In terms of the casting process, the EP that "once we got Rachel in place, that was the first domino. We know we had a star actor, we knew we had someone at the caliber that will attract other top actors as well. Rachel was the real driver, then we got Martin Henderson, Rima Te Wiata, Robbie Magasiva, Danielle Cormack who were all accomplished actors in their own right and have achieved great feats. Especially in New Zealand they are senior, professional actors. We worked very closely with our casting agent Kate McGill and our intimacy coordinator Jennifer Ward-Lealand, making sure we had those processes in place to protect our actors and make them feel safe... Now with an intimacy coordinator it is the same as a stunt - a choreographed dance, both actors need to be aware of".

On creating an "ethical brother" in the series, Finau said "it is one of the oldest professions in the world, in many places it is legal, New Zealand was the first country to legalize sex work and decriminalize it, but despite this fact there are brothels that take advantage of vulnerable women and so the ethical brothel meant that the environment that was created was run by woman for women and most of the brothels are run by men who take advantage of vulnerable women which is the unethical part... In Madam it is run by a woman who wants to empower women, who wants to give them control over what they do with their bodies, when and how they do it. It is about giving the control of the relationship, the transaction to the sex worker... to understand the barriers and boundaries of what workers and clients do".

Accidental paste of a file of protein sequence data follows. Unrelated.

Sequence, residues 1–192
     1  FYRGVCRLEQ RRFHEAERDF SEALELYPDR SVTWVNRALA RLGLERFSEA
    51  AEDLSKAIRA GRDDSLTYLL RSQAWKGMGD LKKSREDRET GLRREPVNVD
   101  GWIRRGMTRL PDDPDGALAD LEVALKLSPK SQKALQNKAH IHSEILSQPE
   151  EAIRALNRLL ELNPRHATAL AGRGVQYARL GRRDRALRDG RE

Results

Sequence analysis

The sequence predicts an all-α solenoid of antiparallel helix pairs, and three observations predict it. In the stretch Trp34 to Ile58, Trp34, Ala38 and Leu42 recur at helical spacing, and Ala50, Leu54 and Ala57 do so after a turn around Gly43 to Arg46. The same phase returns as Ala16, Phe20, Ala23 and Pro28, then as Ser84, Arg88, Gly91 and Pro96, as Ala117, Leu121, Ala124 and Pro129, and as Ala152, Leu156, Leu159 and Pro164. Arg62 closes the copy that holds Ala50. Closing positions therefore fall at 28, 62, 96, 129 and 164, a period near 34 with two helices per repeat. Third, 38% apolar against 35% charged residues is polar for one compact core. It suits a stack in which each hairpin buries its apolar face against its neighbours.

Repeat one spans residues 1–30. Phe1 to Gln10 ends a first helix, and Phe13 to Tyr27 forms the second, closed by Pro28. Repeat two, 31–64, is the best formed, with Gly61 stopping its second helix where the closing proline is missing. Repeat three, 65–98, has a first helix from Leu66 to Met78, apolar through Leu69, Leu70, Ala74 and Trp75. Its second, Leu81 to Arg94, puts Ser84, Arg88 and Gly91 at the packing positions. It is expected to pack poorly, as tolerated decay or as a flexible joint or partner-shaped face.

Finau doesn't believe that Madam is a feminist show: "it can be seen as a feminist show but it is a show about a mother, a family, often people think that it is about women when it comes to sex work but in many sexual relationships there is a man and a woman, so men are half of that transaction as well. We do explore the men that come to that space as well. Anotnia Murphy says in her memoir "we don't sell sex, we treat loneliness'. Another part of the show is exploring the need and the importance for humans to have intimacy, to have relationships and connection... Although there are feminist aspects and the empowerment of women, it is also a commentary about human connection... We crossover between drama and comedy in the series, throughout Madam there are a lot of questions we explore and we ask the audience - how do you feel about the sex work, there's a lot of stigma about it. Mack is in her 50s, trying to start a business, a lot of people work in our 30s and 40s and when you get over 50s it is often on the other side, you have to reinvent yourself, this is also a major theme. For our younger audiences we have characters that they can relate to - wanting nice things, wanting to be independent, break out of their situations, forge their own path, the ups and downs, trying to find your way in the world..."

As far as the distribution of the show is concerned, the producer shared that there is interest from international partners and Fifth Season will be announcing some deals soon.